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George Washington served for the British before fighting against them, serving as a commander in the French and Indian War. As a successful Virginia farmer with hundreds of slaves, he grew resentful of the British crown’s various levies and limitations imposed on the colonies.
When the Revolutionary War broke out in 1775, he was given command of the Continental Army, which suffered a near-fatal defeat in the Battle of Brooklyn. More defeats followed, and Washington ultimately lost more engagements than he gained. Nonetheless, he kept his ragged men together even during a cold winter at Valley Forge and was able to oust the British by 1783 with the support of his French friends.
Alexander Hamilton, a poor, illegitimate orphan, moved to New York as a youth from the British West Indies. As Washington’s aide-de-camp during the Revolutionary War, he rose to prominence and became an ardent believer of a strong central government.
Following his attendance at the Constitutional Convention in 1787, he composed the majority of the very compelling Federalist Papers, which argued for the approval of the Constitution. Washington subsequently appointed him as the first U.S. Treasury Secretary, a position he utilized to advocate for the establishment of a national bank. Hamilton, who was later memorialized on the $10 dollar, was assassinated in an 1804 duel with his fierce enemy, reigning Vice President Aaron Burr.
Despite having a formal education that ended at the age of ten, Benjamin Franklin was a talented author, printer, scientist, inventor, and diplomat in early America. When he wasn’t constructing bifocals, harnessing electricity, playing music, or writing Poor Richard’s Almanack, he was working on municipal projects in his adoptive hometown of Philadelphia.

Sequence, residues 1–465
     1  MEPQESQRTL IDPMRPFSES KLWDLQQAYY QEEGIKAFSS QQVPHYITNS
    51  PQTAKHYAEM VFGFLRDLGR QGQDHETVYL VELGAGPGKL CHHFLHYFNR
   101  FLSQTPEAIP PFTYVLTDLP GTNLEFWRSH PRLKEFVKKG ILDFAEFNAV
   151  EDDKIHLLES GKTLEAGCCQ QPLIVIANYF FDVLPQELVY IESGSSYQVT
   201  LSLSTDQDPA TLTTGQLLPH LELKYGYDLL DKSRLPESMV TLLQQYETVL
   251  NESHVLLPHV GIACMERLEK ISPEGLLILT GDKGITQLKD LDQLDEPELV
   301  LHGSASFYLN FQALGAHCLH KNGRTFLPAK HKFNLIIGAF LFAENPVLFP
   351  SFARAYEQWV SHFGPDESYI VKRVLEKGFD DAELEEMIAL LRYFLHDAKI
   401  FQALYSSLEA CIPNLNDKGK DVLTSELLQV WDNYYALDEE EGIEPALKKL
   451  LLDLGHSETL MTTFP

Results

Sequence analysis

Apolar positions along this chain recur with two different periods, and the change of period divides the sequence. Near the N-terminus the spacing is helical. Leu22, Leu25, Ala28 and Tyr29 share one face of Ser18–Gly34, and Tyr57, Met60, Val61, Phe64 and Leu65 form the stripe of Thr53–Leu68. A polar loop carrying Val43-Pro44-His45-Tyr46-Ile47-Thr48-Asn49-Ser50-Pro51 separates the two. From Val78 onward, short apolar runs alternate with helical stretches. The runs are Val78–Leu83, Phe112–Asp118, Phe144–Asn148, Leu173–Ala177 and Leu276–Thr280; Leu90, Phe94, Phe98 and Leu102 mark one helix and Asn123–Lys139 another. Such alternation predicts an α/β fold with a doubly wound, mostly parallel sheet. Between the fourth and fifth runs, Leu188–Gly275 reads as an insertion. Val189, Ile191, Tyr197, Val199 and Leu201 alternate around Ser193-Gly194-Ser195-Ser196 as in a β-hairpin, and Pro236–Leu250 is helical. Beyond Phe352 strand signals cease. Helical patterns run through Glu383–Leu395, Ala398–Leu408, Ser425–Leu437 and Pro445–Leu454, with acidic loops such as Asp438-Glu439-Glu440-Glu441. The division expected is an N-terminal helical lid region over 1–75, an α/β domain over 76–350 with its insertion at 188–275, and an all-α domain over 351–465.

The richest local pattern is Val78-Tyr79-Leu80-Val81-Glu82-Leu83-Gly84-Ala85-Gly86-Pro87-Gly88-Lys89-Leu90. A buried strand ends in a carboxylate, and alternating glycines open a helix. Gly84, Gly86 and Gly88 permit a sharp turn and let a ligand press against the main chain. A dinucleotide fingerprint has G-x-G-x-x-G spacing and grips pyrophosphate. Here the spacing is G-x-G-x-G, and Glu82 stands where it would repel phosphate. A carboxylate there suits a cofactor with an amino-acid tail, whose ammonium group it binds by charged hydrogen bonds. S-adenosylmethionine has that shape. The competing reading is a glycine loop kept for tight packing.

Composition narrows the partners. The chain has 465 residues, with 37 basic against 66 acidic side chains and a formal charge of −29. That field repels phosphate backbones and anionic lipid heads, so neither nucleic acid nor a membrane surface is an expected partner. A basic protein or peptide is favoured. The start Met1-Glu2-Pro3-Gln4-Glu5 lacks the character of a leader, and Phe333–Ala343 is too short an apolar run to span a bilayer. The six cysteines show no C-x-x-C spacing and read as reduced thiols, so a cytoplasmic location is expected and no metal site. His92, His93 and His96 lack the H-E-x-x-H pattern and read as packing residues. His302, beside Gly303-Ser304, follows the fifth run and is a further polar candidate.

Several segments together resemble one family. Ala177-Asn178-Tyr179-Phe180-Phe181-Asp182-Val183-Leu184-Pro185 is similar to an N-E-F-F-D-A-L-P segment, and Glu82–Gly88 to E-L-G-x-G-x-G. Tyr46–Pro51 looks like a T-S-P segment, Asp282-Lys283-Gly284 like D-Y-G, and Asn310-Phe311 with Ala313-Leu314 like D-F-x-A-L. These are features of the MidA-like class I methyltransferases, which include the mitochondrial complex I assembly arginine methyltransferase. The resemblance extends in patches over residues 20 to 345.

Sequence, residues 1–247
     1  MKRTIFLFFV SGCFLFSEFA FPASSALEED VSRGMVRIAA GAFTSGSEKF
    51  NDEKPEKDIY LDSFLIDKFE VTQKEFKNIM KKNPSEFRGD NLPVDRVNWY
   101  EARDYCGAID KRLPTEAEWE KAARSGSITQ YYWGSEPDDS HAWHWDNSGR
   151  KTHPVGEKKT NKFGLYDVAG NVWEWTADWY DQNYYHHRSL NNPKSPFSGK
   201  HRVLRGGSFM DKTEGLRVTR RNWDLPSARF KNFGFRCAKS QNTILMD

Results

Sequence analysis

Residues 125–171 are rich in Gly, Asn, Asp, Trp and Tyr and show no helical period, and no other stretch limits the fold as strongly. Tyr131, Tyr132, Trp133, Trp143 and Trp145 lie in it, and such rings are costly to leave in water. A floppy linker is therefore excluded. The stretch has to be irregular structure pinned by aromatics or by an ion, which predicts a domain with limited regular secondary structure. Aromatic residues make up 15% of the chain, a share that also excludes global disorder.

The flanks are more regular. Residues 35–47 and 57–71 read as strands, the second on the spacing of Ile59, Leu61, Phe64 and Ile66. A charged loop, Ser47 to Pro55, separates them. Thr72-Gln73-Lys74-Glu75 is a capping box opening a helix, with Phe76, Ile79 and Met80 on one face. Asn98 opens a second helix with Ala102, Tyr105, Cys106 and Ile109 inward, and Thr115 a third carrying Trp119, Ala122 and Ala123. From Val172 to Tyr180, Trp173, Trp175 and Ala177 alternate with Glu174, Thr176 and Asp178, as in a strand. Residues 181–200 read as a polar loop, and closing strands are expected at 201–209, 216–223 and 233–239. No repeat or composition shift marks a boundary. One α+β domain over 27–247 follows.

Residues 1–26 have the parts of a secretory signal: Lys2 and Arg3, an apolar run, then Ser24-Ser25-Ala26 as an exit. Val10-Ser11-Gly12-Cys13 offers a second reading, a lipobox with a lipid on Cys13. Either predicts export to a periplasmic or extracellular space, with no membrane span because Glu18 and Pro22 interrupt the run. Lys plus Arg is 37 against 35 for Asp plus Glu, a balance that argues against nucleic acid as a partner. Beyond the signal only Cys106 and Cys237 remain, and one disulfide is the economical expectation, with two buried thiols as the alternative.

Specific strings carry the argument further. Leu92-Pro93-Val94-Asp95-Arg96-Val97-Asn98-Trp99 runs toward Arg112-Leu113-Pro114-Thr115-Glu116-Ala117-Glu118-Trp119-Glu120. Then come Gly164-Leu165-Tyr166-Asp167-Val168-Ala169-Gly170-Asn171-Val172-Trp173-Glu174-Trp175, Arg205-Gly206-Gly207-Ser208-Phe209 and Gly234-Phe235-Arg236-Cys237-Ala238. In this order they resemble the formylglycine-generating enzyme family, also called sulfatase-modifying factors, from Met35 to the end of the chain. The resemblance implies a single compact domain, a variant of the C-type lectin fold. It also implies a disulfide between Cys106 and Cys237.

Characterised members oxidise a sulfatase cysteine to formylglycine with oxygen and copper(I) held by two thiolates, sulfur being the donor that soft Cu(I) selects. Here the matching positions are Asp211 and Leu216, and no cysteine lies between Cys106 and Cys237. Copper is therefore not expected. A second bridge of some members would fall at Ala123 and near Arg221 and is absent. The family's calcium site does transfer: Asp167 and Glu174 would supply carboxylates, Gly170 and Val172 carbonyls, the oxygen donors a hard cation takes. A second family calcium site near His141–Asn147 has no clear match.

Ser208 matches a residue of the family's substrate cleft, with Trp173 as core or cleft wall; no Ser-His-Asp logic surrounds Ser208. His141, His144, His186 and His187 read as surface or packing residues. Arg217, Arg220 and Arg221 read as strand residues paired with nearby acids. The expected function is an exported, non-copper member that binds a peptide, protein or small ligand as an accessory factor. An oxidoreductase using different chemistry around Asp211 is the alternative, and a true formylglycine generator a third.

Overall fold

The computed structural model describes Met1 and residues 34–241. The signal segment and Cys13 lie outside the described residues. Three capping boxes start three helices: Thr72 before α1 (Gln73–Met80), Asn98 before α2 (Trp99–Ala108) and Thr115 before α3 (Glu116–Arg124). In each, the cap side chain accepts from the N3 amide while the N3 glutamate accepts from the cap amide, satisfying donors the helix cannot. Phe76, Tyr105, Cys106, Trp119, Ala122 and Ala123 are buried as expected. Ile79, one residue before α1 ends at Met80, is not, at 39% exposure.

Franklin was chosen to the five-member committee that authored the Declaration of Independence during the early phases of the American Revolution. He subsequently journeyed to France, where he obtained French assistance for the war effort and assisted in negotiating the Treaty of Paris, which officially ended the conflict in 1783. Franklin functioned as a sort of elder statesman at the Constitutional Convention just before his death. Also, you must try to play this Which Founding Father Is Your Soulmate quiz.
Which Founding Father Is Your Soulmate?
John Adams, a famous Massachusetts lawyer, was an early supporter of the revolutionary cause. He, like Franklin, served on the committee that drafted the Declaration of Independence, traveled abroad to gain French military aid, and assisted in the negotiations of the Treaty of Paris. He also chaired other important committees and found time to prepare the Massachusetts Constitution (which is still in use).
After roughly ten years of diplomatic duty abroad, Adams returned home in 1788 and later became Washington’s vice president. Following his two terms, Washington was elected president, serving from 1797 until 1801. Adams and his friend-turned-rival-turned-friend Thomas Jefferson died on the same day, July 4, 1826, the 50th anniversary of the Declaration of Independence.